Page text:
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dc.contributor.advisorAndrew D. Ellington
dc.creatorEckhoff, Grace
dc.date.accessioned2011-09-06T17:25:38Z
dc.date.available2011-09-06T17:25:38Z
dc.date.created2010-05
dc.date.issued2011-09-06
dc.identifier.urihttp://hdl.handle.net/2152/13411
dc.description.abstractTuberculosis is one of the most ancient human pathogens. Very early in the history of humans, tuberculosis spread throughout the world and currently infects one third of the world’s population1. Tuberculosis, both as a pathogen and a disease state, is fascinating in its own right. Considering the global public health significance of tuberculosis, which infects one third of the world’s population and kills over 1.5 million people per year, tuberculosis remains a threat and demands further research. For these reasons, my undergraduate research has largely centered on tuberculosis. Chapter 1 gives a broad overview of tuberculosis, applicable but not specific to my research. Each subsequent chapter focuses on a research project, with relevant additional background on tuberculosis. Chapter 2 is based on an internship at the Texas Department of State Health Services analyzing reasons for delayed completion of tuberculosis therapy for patients whose therapy initiated in Texas in 2006. Chapter 3 examines the potential for molecular methods of tuberculosis in low-resource setting, building off of my experience using mutations in the rpoB gene as a surrogate marker of rifampin resistance in Afghanistan. Chapter 4 briefly expands upon further work done in the lab of Dr. Andrew Ellington at the University of Texas at Austin under the supervision of Xi Chen, developing non-enzymatic methods of nucleic acid detection to indicate the presence of tuberculosis and other pathogens.en_US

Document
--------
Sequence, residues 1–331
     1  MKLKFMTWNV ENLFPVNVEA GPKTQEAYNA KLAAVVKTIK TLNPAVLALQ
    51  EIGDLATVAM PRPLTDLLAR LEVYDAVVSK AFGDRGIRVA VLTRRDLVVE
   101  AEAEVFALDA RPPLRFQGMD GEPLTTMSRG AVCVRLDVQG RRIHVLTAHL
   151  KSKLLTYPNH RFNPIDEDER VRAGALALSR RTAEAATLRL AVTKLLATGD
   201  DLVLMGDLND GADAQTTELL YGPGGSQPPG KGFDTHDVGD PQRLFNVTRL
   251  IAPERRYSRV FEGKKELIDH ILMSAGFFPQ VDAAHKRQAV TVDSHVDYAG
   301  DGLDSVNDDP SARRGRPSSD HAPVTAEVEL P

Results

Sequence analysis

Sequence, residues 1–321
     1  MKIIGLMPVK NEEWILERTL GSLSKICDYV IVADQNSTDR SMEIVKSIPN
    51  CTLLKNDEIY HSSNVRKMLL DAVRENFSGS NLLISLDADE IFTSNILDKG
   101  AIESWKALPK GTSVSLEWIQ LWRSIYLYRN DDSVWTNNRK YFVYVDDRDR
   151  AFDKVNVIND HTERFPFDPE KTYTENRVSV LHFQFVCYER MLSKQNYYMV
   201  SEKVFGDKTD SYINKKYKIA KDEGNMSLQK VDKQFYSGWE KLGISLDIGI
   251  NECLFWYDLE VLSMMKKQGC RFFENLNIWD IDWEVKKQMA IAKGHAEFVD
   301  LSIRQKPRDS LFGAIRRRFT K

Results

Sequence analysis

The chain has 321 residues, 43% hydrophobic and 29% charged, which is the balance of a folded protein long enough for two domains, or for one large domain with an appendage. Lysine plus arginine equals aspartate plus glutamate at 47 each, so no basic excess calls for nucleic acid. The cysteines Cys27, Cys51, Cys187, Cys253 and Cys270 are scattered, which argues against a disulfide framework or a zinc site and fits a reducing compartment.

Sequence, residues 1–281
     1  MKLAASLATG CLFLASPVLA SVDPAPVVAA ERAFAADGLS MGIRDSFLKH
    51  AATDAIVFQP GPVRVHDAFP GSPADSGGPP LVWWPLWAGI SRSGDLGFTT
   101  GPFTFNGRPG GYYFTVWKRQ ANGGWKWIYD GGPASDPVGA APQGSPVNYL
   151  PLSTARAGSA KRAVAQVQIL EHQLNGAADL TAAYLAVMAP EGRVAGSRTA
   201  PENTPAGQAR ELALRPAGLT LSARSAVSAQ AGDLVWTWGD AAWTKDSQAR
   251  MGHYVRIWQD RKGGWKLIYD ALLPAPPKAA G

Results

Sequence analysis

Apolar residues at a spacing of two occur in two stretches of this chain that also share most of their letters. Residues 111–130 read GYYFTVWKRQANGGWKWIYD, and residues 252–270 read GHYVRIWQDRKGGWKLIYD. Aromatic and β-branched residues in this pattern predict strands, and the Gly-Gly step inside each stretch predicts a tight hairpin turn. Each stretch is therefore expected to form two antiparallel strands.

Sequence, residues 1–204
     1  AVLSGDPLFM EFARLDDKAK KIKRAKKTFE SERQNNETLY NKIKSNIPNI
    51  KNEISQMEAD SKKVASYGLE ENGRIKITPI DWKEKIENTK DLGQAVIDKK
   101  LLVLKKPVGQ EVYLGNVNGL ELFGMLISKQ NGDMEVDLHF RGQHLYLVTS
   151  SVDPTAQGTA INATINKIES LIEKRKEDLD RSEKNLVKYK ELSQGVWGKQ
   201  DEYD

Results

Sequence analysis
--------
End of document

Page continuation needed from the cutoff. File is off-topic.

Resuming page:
dc.language.isoengen_US
dc.subjectCollege of Natural Sciencesen_US
dc.subjecttuberculosisen_US
dc.subjecttherapyen_US
dc.subjectrifampin resistanceen_US
dc.subjectTexasen_US
dc.subjectAfghanistanen_US
dc.subjectrpoB geneen_US
dc.subjectnucleic acid detectionen_US
dc.titleThe challenges and opportunities in tuberculosis control, from Texas to Afghanistanen_US
dc.typeThesisen_US
dc.description.departmentBiological Sciences, School ofen_US


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